Posted on Monday 20 May 2019 by Ulster Business

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Generation Z often receives pointed criticism in business circles and in the media, particularly from employers who are struggling to either get the best out of them or having a tough time hiring new talent, writes John Moore, managing director, Hays Northern Ireland.

Alongside all the positive reports we get about Northern Ireland’s amazing talent pool, you’ve probably heard an equal amount of criticism of young people in this generation – typically born between the mid-1990s and early-2000s.

Common barbs aimed at Generation Z are that they have a huge sense of entitlement, don’t have a strong work ethic, can’t take criticism, and are too immature for the workplace. I’ve heard employers bemoan the fact that this generation can’t communicate face-to-face or they place more emphasis on their passions outside of work than their own career development.

While some of this is no doubt grounded in their experience, employers perhaps need to adjust how they engage with the new generation beyond just offering them quirky perks and trendy working environments.

Hays recently sponsored The Good (A) Idea, the biggest ever AI hackathon in NI organised by AINI (Artificial Intelligence Northern Ireland) and Hackily – a two-day event hosted by QUB School of Computing and Ulster University Magee campus for around 180 hackers in Belfast and 40 in Derry.

The hackathon provided a welcoming and collaborative environment for hackers to build out brilliant, innovative, and impactful ideas using AI under a theme of ‘AI for good’, where hackers were challenged to utilise open data sources to create an innovative solution to a real-world problem.

It was an opportunity for students – who made up 75% of the attendees – and experienced professionals to meet fellow hackers, learn new technologies, and work alongside seasoned mentors.

Far from being underwhelmed by Generation Z, we were inspired by the talent pools from different backgrounds such as computer science, physics and maths, coming together to collaborate with each other, learn about bleeding edge technologies and also to put their skills to use in creating something that was a benefit to society. For example, one of the teams invented an algorithm for a computer to read British sign language using a webcam.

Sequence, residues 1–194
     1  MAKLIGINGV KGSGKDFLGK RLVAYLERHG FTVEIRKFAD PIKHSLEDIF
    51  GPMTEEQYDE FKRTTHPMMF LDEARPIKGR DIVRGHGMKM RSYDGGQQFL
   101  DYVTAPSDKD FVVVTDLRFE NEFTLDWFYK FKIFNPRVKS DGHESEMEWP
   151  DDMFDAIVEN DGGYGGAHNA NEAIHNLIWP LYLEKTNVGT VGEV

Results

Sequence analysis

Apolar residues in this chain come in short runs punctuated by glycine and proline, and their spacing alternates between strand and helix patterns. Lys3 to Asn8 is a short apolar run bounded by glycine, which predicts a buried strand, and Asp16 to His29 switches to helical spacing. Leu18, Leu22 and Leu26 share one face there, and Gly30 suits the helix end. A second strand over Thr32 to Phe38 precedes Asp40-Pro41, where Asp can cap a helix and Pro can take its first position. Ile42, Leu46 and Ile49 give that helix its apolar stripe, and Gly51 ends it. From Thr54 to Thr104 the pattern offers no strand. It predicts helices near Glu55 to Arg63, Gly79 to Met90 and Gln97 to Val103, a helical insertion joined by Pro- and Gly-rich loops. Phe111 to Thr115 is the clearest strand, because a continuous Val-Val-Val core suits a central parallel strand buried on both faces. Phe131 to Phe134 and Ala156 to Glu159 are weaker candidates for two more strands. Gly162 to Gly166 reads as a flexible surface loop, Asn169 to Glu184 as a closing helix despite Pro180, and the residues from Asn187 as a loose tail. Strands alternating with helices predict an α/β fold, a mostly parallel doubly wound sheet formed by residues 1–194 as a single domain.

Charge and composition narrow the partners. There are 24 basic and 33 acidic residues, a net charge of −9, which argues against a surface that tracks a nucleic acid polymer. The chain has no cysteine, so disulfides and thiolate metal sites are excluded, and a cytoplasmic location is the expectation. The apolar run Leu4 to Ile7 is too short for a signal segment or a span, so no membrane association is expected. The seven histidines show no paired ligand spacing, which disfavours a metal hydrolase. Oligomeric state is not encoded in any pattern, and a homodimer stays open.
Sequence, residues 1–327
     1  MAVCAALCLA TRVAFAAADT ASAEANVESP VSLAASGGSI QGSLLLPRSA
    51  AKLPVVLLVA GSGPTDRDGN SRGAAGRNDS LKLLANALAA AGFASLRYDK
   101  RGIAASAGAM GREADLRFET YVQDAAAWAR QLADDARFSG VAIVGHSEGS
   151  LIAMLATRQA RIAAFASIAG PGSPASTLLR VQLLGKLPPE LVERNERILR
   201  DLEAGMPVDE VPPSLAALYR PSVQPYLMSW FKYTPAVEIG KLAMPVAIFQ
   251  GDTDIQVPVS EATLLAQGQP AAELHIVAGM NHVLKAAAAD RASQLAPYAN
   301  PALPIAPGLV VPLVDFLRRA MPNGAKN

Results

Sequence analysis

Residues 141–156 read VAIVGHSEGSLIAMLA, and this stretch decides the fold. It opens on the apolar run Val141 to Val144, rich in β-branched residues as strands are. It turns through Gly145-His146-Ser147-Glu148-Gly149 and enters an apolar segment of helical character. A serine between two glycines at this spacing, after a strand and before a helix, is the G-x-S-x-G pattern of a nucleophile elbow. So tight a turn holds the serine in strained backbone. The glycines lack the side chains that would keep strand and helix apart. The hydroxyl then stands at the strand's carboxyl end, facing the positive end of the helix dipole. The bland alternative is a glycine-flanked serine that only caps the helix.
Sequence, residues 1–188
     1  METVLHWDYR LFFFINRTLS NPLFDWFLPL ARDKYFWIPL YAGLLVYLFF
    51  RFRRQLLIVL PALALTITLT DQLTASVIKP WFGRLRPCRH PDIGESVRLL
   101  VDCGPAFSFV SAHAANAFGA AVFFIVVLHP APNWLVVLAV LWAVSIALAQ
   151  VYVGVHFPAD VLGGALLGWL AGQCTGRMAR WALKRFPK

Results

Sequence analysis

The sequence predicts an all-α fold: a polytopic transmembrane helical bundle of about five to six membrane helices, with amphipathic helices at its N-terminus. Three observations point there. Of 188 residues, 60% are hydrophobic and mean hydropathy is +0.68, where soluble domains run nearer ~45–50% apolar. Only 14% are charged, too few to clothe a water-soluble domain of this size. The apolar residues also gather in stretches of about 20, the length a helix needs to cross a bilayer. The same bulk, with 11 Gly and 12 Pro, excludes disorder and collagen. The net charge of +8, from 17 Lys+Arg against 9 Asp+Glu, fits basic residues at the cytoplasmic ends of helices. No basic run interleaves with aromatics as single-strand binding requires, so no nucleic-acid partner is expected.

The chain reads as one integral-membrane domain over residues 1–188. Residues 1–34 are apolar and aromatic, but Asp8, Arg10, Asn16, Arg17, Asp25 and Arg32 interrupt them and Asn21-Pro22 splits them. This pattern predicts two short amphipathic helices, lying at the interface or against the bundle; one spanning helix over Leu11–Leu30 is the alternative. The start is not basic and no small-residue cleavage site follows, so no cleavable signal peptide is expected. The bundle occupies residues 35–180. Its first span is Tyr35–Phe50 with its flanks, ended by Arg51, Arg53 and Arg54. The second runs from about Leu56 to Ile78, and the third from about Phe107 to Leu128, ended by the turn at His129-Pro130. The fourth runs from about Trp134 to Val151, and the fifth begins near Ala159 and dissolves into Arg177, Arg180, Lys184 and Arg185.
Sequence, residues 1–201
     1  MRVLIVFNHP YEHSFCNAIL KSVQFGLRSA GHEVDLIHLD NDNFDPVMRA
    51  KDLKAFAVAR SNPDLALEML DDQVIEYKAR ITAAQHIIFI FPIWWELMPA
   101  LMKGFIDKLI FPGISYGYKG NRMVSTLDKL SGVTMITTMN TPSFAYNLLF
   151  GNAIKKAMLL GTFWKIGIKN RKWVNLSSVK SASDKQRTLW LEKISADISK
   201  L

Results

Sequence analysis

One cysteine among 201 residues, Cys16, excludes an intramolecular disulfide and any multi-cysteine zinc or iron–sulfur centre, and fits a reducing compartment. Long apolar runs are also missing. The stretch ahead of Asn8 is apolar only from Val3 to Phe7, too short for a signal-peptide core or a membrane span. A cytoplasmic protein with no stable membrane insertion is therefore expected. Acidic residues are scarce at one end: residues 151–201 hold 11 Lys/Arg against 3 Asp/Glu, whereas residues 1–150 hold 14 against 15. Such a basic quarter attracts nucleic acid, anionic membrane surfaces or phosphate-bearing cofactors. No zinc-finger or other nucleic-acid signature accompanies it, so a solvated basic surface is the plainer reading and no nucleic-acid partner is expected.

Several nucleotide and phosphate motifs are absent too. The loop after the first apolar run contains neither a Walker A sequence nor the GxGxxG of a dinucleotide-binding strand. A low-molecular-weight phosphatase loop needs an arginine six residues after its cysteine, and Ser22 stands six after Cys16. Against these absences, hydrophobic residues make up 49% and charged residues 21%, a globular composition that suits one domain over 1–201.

These were ambitious, driven, competitive young people who worked brilliantly in their teams and certainly didn’t struggle to communicate, even if they arrived alone and joined a team. A team from Glasgow made the journey across to take part and the hackathon ran right through Saturday night – so we couldn’t fault their work ethic.

There were prizes, mentorship and funding available to the winners of the hackathon, as well as recruitment advice and workshops provided to students and professionals by Hays’ own experts across software development, data engineering and cyber security.

But the main attraction was undoubtedly in the opportunity to co-create new ideas about how to apply technology to the world they will run in future. That is hugely positive and our challenge as employers must be to make sure the students who will be the candidates of the future in NI’s thriving tech community are encouraged to put that passion into their careers.

The undergraduate community is an under-served community of future leaders in terms of recruitment and our desire is to equip undergraduates with the right understanding of what employers in the tech sector want and how they can build their personal brand for the future.

Employers need to get past the myths about Generation Z and focus on helping younger employees find meaning in their work if they are to unlock their potential.

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